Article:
his year will mark the 10th anniversary of the Lexington Fairness Awards Banquet. The Fairness Awards help to recognize those who are making a difference in the LGBTQ+ community and to record and recognize our history in Central Kentucky. While you may not know it from the finished product, it takes a lot of blood, sweat, and tears to put on one of these events. Andrew Tan is currently hard at work for the spectacular 2017 Fairmess Awards, which will be held on June 23rd, the day before the Lexington Pride Festival. In fact, Andrew has been working on the awards from their inception. Andrew came from Malaysia to the University of Kentucky in 1994 to study architecture. He says he was never able to live openly in Malaysia because being gay was then and still is punishable by law. His family is very conservative, with a stoic dad and a tiger mom who pushed him to get an education. During the course of getting that education, however, he fell in love with Lexington, and also later fell in love with his spouse, Jonathan Barker. He says that his and Jonathan’s personalities just complimented each other, and even though they have faced hardships and stigma, Andrew would not change a thing. Although Andrew never planned to be an activist, Jonathan was such a strong advocate for the local LGBTQ+ community that Andrew just naturally joined Lexington Fairness in 2008 and began working on the first Awards event shortly thereafter. The Fairness Awards let Andrew use his creative side but his favorite part has been being able to work alongside wonderful and “fierce” advocates throughout the years. During our conversation, he fondly recalled working with Fairness leaders such as Paul Brown, Craig Cammack, Roy Harrison, and now Josh Mers. There have also been some tough lessons. He still has flashbacks of Lady Bunny doing her “chicken nugget” routine in a room with several cringing clergy members. (He says he has a more careful screening process these days.) He also learned what actually constitutes a vegan meal after one snafu. Andrew laughs about many of those things now and says that they helped him grow a thick skin. As a perfectionist, he struggles to get the design aesthetics just right, which can make him easily frustrated in the days and weeks leading up to the event, but he says he is fortunate that Jonathan is always there as a voice of reason. Throughout the ups and downs of producing the program, Andrew takes the most pride in the programs that the Fairness Awards have been designed to support – programs such as bullying prevention in local area schools, cultural competency training for teachers and law enforcement, stocking local school libraries with LGBTQ+ positive books, Lobby Day and Lobby Day training, Andrew Tan & Johnathan Barker support for our aging community, the Fourth of July Parade March, Fairness in the Park Picnics, etc. With the funds raised from the Fairness Awards, Lexington Fairness is also working with other local organizations on added protections for LGBTQ+ individuals and is sponsoring new activities such as the March for Unity and Pride on June 11th in downtown Lexington. Someday, Andrew dreams of attending the Fairness Awards as just another guest and handing the reins off to the next person that will share his passion. Instead of worrying about every detail of the event, he could relax, enjoy the show, and talk to everyone else in attendance. Until then, he will keep working on the awards because he believes in raising funds for programs that foster an environment of acceptance and fairness for those who are marginalized and empowering them so that they too can have the opportunity and drive to become productive members in an equitable society. I met with Andrew on a warm and sunny day in downtown Lexington. Talking to him about his own personal history and the history of the Lexington Fairness Awards, he maintained a broad smile on his face. Eventually, he admitted that he had just rushed back from Frankfort and his morning had been very busy; he had just come from his U.S. citizenship swearing in ceremony. His smile became even broader as he described the love he has for his spouse, his country, his love of travel, and his community here in Lexington. He told me when we began talking that he is often shy around new people and doesn’t like to do public speaking but it strikes me that his life and his actions speak volumes for themselves. Q FEATURE . MAY 2017 // LinQ 17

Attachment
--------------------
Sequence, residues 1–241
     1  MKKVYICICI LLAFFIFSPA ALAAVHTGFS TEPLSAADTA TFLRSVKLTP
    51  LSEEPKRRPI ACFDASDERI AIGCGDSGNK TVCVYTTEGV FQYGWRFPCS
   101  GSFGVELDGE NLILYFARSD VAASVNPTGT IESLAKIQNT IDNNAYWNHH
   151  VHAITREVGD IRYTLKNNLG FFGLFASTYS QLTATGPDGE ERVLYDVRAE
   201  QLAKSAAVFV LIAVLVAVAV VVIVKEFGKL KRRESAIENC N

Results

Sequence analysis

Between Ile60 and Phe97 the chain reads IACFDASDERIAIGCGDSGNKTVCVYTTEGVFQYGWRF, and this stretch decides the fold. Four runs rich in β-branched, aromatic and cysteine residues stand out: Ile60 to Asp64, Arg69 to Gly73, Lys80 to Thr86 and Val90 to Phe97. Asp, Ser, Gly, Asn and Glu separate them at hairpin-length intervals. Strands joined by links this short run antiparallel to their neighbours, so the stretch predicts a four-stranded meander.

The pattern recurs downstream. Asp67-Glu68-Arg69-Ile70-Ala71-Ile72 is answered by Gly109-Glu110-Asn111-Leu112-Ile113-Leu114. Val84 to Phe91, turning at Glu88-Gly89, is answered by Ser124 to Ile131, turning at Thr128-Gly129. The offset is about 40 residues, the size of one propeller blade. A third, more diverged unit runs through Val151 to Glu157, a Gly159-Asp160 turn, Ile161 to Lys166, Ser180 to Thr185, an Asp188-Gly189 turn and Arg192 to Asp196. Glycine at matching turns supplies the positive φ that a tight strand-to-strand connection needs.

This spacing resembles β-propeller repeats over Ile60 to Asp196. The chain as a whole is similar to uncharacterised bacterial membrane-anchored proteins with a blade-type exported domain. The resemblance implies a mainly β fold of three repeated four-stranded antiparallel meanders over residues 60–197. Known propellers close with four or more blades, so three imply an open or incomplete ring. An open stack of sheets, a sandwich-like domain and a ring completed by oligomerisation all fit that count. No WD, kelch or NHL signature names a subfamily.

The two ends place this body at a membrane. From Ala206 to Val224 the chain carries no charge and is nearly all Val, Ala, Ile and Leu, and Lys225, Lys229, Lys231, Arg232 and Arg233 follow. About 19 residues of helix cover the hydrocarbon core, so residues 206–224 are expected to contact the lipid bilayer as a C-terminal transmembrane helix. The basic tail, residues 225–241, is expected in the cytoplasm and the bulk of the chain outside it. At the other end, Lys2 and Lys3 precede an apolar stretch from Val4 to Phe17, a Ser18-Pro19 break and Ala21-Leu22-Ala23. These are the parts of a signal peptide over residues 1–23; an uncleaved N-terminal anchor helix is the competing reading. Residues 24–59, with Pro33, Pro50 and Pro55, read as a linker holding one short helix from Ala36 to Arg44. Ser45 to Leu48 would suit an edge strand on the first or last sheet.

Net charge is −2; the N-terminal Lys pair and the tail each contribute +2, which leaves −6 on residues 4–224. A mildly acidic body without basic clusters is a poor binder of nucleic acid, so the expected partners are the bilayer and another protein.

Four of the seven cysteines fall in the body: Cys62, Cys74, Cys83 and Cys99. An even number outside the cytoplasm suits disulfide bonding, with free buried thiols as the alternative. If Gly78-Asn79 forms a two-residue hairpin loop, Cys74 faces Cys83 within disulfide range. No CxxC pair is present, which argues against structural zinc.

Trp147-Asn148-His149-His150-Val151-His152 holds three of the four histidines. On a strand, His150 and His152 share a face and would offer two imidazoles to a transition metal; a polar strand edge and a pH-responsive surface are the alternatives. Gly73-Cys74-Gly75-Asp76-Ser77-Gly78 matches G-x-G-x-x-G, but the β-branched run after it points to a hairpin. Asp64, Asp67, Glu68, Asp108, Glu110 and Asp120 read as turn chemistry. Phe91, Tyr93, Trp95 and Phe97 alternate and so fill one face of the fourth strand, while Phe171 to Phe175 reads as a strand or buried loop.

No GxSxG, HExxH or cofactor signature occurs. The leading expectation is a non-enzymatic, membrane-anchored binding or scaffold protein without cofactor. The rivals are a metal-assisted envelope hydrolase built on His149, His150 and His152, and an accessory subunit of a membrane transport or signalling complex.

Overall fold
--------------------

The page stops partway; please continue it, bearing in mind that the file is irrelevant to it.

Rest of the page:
by Paul Brown, 2017 Lexington Pride Festival Chair